Thinking About #Ferguson

seasonsgreetings_fergusonmo

I thought about the Ferguson happenings all day yesterday. Debated whether to say anything at all about it on the public media. Tried to figure out what to say. Generally, was so pissed off I was afraid to say one word lest my words do more harm than good. But fuck it. I have to say something. Here are the two best things I’ve read about Ferguson so far. They are better than anything I have seen on big media and better than anything I could write about it. I consider myself fortunate to count these two bloggers among my friends.

And none could say they were suprised: on #Ferguson (Infinite Free Time).

Are you pissed? #Ferguson (Drifting Through My Open Mind).

I’m with Luther and Gretchen on this, and that is all I plan to say in public about the details of the Ferguson case. I will talk about what it means for the larger society now. In bullet points. Warning: Strong Opinions Ahead.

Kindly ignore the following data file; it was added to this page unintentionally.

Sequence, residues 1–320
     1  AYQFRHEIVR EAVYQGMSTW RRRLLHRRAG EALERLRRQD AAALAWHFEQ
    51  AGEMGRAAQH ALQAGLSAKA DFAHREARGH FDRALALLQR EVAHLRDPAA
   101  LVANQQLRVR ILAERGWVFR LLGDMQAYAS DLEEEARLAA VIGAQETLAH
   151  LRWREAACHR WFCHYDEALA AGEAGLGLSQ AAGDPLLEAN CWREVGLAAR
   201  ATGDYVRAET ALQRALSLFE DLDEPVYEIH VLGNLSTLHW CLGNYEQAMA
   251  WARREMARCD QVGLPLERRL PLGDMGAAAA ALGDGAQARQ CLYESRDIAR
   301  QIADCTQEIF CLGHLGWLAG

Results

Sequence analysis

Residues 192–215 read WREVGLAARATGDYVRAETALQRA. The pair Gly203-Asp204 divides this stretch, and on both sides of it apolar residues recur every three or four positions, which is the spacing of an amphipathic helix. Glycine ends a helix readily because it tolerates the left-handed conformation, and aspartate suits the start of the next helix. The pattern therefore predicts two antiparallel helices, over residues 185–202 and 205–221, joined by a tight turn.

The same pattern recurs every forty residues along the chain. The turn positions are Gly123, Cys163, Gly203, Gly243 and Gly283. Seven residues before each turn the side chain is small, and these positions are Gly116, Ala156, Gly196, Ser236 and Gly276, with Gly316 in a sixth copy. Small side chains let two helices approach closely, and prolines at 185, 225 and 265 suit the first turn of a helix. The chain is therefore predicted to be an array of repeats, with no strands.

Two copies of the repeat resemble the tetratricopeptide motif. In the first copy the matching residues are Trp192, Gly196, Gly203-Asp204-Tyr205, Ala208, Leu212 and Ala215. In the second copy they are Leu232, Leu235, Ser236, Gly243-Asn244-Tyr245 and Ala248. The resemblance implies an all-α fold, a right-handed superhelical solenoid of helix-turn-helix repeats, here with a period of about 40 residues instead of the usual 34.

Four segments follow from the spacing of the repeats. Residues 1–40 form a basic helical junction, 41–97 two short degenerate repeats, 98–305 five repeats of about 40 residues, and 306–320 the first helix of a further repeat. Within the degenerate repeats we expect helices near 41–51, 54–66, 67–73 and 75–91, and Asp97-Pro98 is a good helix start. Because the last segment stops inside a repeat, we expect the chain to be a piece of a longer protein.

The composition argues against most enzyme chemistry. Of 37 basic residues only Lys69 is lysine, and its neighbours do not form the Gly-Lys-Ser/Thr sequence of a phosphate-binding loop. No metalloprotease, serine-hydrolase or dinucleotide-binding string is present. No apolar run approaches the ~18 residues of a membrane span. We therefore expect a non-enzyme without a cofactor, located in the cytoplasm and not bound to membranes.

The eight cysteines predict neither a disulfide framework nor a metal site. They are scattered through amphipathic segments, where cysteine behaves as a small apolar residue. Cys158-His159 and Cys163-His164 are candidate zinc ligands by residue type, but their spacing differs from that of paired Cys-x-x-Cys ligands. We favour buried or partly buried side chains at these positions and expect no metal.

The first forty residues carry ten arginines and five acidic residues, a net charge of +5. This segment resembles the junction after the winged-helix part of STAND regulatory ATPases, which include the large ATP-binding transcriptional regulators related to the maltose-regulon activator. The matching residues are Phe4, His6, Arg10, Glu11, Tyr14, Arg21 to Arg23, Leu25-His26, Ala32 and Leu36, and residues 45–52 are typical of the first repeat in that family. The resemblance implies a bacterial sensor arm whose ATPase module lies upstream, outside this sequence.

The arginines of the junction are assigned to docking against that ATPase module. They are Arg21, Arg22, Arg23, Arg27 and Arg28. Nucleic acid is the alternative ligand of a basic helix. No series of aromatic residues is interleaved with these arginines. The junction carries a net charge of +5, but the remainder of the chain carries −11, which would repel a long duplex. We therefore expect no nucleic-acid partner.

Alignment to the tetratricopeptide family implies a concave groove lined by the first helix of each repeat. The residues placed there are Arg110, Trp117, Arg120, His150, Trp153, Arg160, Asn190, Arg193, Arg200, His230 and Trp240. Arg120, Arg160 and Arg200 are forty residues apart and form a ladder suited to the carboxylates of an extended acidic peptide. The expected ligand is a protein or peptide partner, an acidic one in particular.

•  The problems that set the stage for the Ferguson situation are the same old shit people were fighting against during the Civil Rights Era. We have made TON of progress on racial equality since the sixties and I am grateful for that. But how much progress have we made since the nineties? Ask yourself that question.
  • We also have a rule of law problem. If you aren’t up on the political terms, this one is easy. ‘Rule of law’ means everyone is equal before the law. You shoot an unarmed person down in the street, you get tried, no matter who you are. A grand jury not indicting a policeman for shooting an unarmed person down in the street under ambiguous circumstances is a problem. Because the state gave that policeman his gun and the state also empaneled that grand jury.mlk_justice
  • Riots. When your society is stricken by riots, that is a sign something is badly wrong with your society.
  • Whether we like it or not, we still have a problem with racism in this country. We need to fix our shit.

I am so tired. This is not a post I wanted to write. It is a post I had to write. I am weary of living in a culture this awash in violence.